So yesterday was Latin Fiesta at Spice Mill down on Cockleshell Beach. We all absolutely have to give a big thank you to Kajola-Kristada, Ltd. who pretty much financed the whole thing and organized it all. KKL is a manufacturer (of unromantic parts like connectors, filters, trap and surface mounts) and has been on-island for about 12 years now, employing about 200 people (I think). The company is involved in a lot of things that help the community (volunteering, training, sponsoring, etc.) and deserves a mention. Of course, thanks to Roger at Spice Mill for hosting the event.
The singers, musicians, and one flamenco dancer were flown in from various places, like Puerto Rico, to show us all a good time. Some of the musicians live here as well (from Puerto Rico, Colombia, Venezuela, and Cuba). I don't care who you are, there's something about Latin music that is infectious and the Latino people are so friendly and uninhibited that you can't help but be drawn into the action (even if it's just people watching Tina!).
The event was supposed to start at noon, so we drove down and checked it out. Well, the tents were up.
But the stage was empty. Que pasa?
There were some folks from the cruise ship lounging though.
What the heck happened to the beach? Hope that was just a high tide!
We ran into Jose, our pal and general manager of KKL, and he told us the action wouldn't really get going until 2 or 3, so we decided to head to Sandy Bank for a bit. The tide was high there too (must be that full moon) and boy was it windy! The water was much colder, as well, so I'm hoping that means two things: 1) That we're done with hurricane season (at least in our section of the Caribbean); and 2) That we'll actually have a winter this year (the water is colder now that it was all of last winter). Northeast winds and lower humidity make it much more comfortable, believe me. Unfortunately, northeast winds on Sandy Bank mean a serious sand exfoliation. I still have sand up my nose and in my ears, By the time we left, all of my skin was tingling from the sand-blasting I endured for 2 hours. Ouch!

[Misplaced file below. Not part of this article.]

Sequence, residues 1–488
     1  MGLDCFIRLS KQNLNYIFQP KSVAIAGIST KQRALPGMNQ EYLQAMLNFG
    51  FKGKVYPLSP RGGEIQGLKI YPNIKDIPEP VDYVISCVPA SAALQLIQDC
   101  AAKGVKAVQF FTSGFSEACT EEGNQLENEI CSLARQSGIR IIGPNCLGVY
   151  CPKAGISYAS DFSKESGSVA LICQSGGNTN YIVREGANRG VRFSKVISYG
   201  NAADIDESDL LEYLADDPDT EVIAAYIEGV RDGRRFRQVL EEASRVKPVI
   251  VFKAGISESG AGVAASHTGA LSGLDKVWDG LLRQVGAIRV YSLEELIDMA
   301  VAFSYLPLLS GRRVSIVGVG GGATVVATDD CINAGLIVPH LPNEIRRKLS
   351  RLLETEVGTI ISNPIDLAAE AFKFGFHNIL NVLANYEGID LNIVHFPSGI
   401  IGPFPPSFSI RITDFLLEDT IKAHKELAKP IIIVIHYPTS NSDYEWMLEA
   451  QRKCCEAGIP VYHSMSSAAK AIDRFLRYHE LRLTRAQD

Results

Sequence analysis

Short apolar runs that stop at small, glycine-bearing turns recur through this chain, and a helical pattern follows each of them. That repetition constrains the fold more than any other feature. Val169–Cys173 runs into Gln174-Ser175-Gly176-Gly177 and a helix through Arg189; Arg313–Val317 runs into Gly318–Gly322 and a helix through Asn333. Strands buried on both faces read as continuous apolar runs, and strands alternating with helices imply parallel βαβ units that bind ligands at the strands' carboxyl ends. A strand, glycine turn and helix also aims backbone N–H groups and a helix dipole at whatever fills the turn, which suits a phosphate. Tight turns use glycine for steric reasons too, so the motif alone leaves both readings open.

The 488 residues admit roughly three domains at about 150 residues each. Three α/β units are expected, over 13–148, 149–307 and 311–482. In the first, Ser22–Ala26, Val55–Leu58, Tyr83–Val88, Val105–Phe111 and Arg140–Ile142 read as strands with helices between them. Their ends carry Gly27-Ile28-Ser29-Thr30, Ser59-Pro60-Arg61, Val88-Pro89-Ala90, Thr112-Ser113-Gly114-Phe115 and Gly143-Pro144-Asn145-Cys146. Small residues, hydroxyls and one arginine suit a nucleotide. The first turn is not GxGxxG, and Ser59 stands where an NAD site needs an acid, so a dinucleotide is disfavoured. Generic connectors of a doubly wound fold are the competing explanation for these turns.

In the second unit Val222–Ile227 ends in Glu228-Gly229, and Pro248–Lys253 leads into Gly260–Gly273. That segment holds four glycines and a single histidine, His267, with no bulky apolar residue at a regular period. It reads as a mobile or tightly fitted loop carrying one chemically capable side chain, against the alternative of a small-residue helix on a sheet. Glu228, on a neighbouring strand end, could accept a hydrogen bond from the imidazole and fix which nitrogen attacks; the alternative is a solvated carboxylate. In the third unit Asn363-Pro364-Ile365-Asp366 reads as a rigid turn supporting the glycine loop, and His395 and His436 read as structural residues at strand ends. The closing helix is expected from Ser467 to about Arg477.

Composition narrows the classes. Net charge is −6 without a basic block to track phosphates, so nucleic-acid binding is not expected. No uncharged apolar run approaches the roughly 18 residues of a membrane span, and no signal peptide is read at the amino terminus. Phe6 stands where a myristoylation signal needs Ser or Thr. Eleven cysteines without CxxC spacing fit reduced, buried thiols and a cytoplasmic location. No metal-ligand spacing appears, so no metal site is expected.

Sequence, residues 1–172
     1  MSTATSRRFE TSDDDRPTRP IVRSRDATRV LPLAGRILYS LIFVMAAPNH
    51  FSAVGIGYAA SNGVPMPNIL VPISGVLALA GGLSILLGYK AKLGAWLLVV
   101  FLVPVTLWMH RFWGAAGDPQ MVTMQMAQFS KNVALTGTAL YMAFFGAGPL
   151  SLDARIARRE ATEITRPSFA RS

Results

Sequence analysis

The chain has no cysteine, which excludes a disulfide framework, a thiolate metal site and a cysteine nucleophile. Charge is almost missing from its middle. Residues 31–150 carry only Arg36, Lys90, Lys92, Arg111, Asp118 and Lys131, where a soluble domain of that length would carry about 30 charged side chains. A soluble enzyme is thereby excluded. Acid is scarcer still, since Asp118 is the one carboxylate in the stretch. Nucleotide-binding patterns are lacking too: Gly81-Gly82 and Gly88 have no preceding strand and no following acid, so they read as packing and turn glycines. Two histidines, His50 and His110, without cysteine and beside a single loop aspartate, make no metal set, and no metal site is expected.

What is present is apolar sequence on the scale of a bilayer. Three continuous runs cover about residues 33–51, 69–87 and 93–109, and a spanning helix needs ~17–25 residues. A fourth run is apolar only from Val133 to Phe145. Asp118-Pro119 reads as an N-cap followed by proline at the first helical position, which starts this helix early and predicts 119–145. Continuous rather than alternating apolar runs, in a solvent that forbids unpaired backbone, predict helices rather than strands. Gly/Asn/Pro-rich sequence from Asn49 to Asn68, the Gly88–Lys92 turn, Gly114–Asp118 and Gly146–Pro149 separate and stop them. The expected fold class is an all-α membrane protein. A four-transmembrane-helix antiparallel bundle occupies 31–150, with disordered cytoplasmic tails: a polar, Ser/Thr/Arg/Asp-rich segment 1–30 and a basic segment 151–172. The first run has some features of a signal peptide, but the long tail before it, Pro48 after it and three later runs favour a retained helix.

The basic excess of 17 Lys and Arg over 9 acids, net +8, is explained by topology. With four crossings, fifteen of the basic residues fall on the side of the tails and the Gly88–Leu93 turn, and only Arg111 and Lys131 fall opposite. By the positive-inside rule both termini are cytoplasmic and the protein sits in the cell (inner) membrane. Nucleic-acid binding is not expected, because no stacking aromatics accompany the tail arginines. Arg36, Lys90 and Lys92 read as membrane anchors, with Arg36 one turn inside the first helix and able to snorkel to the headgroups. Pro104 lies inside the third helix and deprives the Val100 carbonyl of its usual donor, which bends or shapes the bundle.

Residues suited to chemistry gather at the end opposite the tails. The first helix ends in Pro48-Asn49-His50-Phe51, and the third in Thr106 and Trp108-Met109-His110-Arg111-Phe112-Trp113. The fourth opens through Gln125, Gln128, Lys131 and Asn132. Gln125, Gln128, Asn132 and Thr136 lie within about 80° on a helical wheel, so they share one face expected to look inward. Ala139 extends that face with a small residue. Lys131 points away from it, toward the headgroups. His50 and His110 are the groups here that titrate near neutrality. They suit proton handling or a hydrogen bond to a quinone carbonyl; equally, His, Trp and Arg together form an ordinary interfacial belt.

Once back, the music was just starting and the place was much more crowded.
Let the flamenco dancing commence!
The video's only about 5 seconds long, I didn't think it was recording....
If you would like to salsa with us while you read, here's some music for you (we recorded it on Michael's Blackberry so...).
A few little bystanders wanted to get in on the action too.
The woman was beautiful and really performed her heart out. For her final dance, she let out her hair, took off her shoes, and let loose.
They played soca, merengue, salsa, bachata, and even a little reggaeton. I kept thinking of our time in the Dominican Republic, not to mention our boater pals we spent so much time there with (like Wendy on Merengue who got a case of the dancing feet every time bachata music came on) and got all misty eyed. Miss you guys!
Time to make some new memories - let's dance! This older couple in white were out on the dance floor almost the entire 4-hour performance.
Ok, the moon is up. Buenas noches a todos!
Anyone who missed that, really missed a good time. The musicians talked about coming back to do this again, Spice Mill is hoping to make a habit out of these mini-concerts, and even the Shiggidy Shack is hoping to get into the action next year when they throw their anniversary celebration (probably around May). Si, por favor!